Thursday, May 23, 2024

Drone Attack Hits Sudan Army Targets, Ends Lull in Violence for Eastern City

HomeWARDrone Attack Hits Sudan Army Targets, Ends Lull in Violence for Eastern...

AL-QADARIF, Sudan — The tenuous peace that had allowed this dusty eastern city to become a haven for millions of Sudanese fleeing war was blown apart on Tuesday. Drones streaked across the morning sky, their payloads smashing into army bases in a surprise attack that shattered Al-Qadarif’s fragile oasis of calm.

At least three unmanned aerial vehicles pounded Sudanese military positions and intelligence facilities in the Al-Qadarif region, sources said. While the strikes did not cause catastrophic damage, their implications could prove seismic—pulling the oil-rich east, which had largely avoided the nation’s civil war until now, into the inferno convulsing the rest of Sudan.

“One drone struck the state security headquarters, but it didn’t level the place,” said a security official in Al-Qadarif, speaking anonymously amid spiraling insecurity. Nearby, another drone’s munitions gouged craters in the unforgiving desert sands.

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As the drones’ haunting buzz faded, the staccato crunch of anti-aircraft artillery shook the city. Shopkeepers slammed shutters and civilians fled deep into winding alleyways, fearing escalating mayhem after nearly a year of relative respite from Sudan’s wider unraveling.

“The situation is now safe—but tense,” Al-Qadarif’s governor, Mohammed Abdelrahman, insisted hours later, promising a reinforced security presence across the state.

Such assurances, however, did little to quell the swelling angst in a region that had opened its doors to offer sanctuary from the bloody conflict between Sudan’s military and a rebel paramilitary force that erupted last April.

The fighting pit the Sudanese army against the Rapid Support Forces (RSF), a militia born from Janjaweed fighters who once rampaged in Darfur. Though the rival factions had jointly ruled after ousting dictator Omar al-Bashir in 2019, a power struggle threw the country into chaos.

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As the battle for Khartoum raged in 2023, an estimated 8.6 million Sudanese—over 15% of the population—sought refuge, many in the relatively stable east. The U.N. says nearly 500,000 displaced civilians now shelter in Al-Qadarif alone, their tents blanketing the region.

The east also became a lifeline for aid agencies addressing Sudan’s metastasizing humanitarian catastrophe. With famine spreading and disease outbreaks flaring amid the collapsed health system, Port Sudan emerged as the UN’s default base after Khartoum became engulfed. Nearly all foreign relief for desperate Sudanese now flows through the east’s ports.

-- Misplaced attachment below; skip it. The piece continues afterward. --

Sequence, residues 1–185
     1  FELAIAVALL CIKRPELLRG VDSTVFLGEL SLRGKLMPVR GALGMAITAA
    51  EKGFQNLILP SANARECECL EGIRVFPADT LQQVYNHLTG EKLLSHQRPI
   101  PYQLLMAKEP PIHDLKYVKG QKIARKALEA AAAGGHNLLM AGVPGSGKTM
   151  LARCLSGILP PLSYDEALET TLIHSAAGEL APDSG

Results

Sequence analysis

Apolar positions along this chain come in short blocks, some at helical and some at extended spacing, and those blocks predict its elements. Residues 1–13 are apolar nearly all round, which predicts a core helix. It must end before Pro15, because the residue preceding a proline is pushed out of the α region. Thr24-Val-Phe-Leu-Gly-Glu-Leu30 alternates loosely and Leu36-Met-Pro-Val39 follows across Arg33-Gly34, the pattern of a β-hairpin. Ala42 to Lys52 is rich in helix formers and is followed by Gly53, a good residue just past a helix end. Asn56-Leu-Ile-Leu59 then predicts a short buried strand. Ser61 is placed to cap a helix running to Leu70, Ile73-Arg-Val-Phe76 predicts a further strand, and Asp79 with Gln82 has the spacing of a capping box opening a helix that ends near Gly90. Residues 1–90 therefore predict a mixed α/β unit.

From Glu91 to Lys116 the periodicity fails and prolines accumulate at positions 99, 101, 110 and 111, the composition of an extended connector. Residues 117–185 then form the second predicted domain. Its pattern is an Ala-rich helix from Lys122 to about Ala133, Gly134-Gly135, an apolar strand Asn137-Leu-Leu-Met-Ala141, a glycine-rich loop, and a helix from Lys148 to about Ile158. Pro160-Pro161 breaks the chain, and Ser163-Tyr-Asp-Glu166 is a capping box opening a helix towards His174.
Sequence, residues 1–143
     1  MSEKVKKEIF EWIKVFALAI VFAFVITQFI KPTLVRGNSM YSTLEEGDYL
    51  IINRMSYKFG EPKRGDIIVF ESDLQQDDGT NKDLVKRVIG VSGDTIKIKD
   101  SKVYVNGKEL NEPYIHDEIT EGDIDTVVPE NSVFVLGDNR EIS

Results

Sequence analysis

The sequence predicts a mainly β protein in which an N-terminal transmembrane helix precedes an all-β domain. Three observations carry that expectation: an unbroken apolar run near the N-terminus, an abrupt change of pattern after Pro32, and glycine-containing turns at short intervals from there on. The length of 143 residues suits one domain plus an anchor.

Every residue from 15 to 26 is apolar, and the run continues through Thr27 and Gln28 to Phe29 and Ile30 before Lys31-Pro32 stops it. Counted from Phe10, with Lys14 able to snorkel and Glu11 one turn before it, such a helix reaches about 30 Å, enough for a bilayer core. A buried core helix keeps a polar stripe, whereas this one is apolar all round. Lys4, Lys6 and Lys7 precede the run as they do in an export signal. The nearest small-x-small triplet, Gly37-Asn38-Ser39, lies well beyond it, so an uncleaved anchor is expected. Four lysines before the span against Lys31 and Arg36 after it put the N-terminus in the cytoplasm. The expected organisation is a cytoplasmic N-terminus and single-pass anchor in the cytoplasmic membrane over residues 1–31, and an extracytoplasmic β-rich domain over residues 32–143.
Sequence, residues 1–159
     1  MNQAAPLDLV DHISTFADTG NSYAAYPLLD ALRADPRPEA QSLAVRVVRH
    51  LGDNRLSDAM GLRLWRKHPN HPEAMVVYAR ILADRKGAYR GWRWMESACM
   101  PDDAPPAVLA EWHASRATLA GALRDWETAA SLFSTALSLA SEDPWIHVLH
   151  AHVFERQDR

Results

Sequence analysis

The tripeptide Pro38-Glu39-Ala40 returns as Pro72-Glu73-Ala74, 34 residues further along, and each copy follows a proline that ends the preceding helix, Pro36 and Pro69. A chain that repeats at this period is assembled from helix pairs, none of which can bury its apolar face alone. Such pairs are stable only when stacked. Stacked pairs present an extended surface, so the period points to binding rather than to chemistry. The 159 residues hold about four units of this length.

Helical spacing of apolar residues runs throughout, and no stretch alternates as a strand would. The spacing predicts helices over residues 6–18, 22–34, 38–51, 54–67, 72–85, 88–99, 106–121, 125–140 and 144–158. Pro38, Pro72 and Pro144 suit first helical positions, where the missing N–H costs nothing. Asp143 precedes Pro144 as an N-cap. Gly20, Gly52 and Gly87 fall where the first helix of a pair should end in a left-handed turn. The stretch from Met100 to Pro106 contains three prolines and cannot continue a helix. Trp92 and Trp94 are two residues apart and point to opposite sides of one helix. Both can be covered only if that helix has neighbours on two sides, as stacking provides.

Burying these fragile havens under fresh violence, Tuesday’s drone barrage signaled the war’s continued spread—particularly concerning after reports that the army made progress toward the Nile River breadbasket of Al-Jazirah. The fertile region’s capital Wad Madani has been under RSF control since December.

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In Darfur, witnesses said Sudanese warplanes unleashed deadly strikes Tuesday on RSF-held cities like Nyala, Al-Daien and El Fasher. Both sides have been accused of war crimes, from indiscriminate bombardment of urban areas to ethnically-motivated atrocities.

A 2023 UN inquiry accused the army of failing “to protect civilians” in Darfur, instead resorting to “aerial bombings and heavy shelling” that caused “the heaviest losses” among trapped residents.

With diplomacy to broker a true ceasefire collapsing, Sudan’s future grows murkier by the day. Should longstanding oases like Al-Qadarif be swallowed by the conflict’s rapid metastasis, even more civilians may find themselves trapped in harrowing violence with nowhere to turn.

As dusk settled over the city, the undulating throb of drone propellers returned—a chilling harbinger, perhaps, of the cataclysms Yemen once braved now arriving on Sudan’s blood-soaked shores.



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Mezhar Alee
Mezhar Alee
Mezhar Alee is a prolific author who provides commentary and analysis on business, finance, politics, sports, and current events on his website Opportuneist. With over a decade of experience in journalism and blogging, Mezhar aims to deliver well-researched insights and thought-provoking perspectives on important local and global issues in society.

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